From BR Bullpen
- Bats Right, Throws Right
- Height 5' 11", Weight 193 lb.
- High School Kanzei High School
Katsuo Osugi was a five-time Best Nine pick who was named to the Japanese Baseball Hall of Fame in 1997. He was the first player in Nippon Pro Baseball to have 1,000 hits in both the Central League and Pacific League.
 Early life
Osugi quit baseball for a period during high school after internal bleeding in his brain after being hit by a pitch, followed closely by the death of his father and brother. He returned to play in the industrial leagues for Marui Department Stores. When that club folded, his manager worked out a try-out for Osugi with the Toei Flyers. They signed him after the workout.
 Pacific League
In 1967, he became a starter and batted .291/.359/.511 with 27 homers. He led the Pacific League in strikeouts (107) and plate appearances (552). He was sixth in the PL in batting average. Osugi also made the first of 8 All-Star teams and hit a grand slam in the third All-Star game that year, taking Yutaka Enatsu deep. He made the Best Nine in the PL at first base.
Osugi slumped in 1968 with a .239/.318/.494 with 34 home runs and 89 RBI. He was four home runs behind leader Katsuya Nomura, though his 106 whiffs paced the circuit. Late in the year, he began a consecutive games played streak that would last seven years. In 1969, the 24-year-old hit .285/.349/.556 with 36 HR and 99 RBI. He made his second All-Star team. He hit a PL-record three sayonara home runs in a year and homered in five straight games. Osugi was just two RBI behind league leader Atsushi Nagaike and was five home runs behind Osugi. He made his second Best Nine.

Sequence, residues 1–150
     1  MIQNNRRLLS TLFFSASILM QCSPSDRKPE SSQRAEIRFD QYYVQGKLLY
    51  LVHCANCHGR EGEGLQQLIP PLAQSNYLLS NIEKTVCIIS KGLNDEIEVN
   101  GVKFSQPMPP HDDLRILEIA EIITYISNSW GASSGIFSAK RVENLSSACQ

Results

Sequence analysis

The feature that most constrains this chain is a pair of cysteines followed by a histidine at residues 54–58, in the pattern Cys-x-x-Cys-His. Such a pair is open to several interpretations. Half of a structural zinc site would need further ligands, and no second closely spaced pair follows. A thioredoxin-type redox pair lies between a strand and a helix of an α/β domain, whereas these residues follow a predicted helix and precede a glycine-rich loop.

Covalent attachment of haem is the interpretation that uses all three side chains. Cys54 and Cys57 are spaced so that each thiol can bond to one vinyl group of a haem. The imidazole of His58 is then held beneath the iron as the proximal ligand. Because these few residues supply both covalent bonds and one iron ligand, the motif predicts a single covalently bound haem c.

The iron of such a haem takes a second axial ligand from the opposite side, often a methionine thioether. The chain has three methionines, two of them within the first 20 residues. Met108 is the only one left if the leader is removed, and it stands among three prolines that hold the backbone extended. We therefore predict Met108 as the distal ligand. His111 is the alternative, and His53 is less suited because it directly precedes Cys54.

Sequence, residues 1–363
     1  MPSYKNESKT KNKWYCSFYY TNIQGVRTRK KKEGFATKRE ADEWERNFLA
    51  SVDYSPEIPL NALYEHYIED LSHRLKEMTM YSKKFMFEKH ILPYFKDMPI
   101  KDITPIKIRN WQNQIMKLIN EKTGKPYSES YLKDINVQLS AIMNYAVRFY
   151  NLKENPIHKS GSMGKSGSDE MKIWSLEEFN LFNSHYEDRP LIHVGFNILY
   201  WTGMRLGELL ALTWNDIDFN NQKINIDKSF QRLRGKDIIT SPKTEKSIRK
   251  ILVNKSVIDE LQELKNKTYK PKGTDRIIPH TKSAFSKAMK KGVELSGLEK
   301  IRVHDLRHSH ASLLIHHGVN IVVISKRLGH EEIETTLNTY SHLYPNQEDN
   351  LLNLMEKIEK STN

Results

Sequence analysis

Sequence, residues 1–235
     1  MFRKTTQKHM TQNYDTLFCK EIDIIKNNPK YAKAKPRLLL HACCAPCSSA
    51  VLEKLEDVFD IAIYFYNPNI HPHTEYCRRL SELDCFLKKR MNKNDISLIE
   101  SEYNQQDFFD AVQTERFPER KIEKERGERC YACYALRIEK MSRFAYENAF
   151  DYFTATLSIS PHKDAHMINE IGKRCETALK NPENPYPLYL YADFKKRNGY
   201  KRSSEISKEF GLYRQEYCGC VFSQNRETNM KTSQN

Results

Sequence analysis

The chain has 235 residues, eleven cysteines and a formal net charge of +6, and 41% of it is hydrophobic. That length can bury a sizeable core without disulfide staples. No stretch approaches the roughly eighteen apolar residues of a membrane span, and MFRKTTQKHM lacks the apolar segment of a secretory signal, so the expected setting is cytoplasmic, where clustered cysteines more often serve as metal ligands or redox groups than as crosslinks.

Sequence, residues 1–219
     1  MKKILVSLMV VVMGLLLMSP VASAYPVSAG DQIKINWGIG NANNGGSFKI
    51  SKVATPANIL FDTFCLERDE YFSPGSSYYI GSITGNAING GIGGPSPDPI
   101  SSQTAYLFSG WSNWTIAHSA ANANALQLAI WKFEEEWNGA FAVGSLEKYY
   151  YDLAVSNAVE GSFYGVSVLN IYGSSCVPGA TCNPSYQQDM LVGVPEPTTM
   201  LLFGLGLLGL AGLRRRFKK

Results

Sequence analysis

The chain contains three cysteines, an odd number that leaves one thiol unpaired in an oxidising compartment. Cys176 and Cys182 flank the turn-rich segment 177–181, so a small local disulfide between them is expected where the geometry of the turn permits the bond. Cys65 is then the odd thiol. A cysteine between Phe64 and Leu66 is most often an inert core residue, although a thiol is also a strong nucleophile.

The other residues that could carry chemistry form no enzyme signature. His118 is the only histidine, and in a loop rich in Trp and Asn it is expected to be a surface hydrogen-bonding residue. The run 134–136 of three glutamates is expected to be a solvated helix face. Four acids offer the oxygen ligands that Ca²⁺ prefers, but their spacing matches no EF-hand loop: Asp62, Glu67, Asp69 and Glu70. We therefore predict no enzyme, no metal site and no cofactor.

Osugi produced at a .339/.388/.671 clip, making huge strides in 1970. He finished second to Isao Harimoto in average to deny him a Triple Crown as he led in home runs (44) and RBI (129), both career highs. He also set a NPB record for sacrifice flies (15) and led the league in total bases (330), slugging percentage and double plays ground into (18). He also decked Carl Boles following a collision in a game on April 28; he was not ejected because the second-base umpire said he did not see the punch. He made his third All-Star team and Best Nine.
Not quite as productive at age 26, Osugi remained a force, hitting .315/.397/.605 with 41 home runs and 104 RBI. Surprisingly, he missed the All-Star team that year. On May 3, he was part of a record home run barrage when five straight Flyers homered - Susumu Sakudo, Tsuyoshi Oshita, Yutaka Ohashi, Isao Harimoto and finally Osugi. He led the PL in plate appearances (562), hits (154), home runs, total bases (296) and intentional walks (18). He was sixth in average and again was a Best Nine selection.
Osugi again cracked 40 homers in 1972. He batted .295/.376/.579 and led the loop in RBI (101, tied with Nomura). He also led in double plays ground into (21). He was one home run behind Nagaike, who led the league. He made his fifth and final Best Nine, his fourth All-Star team and won his only Diamond Glove Award. He was 9th in the PL in batting average. On May 6 of that year, he charged the mound with his bat after being hit by a pitch from Hiroaki Shibaike.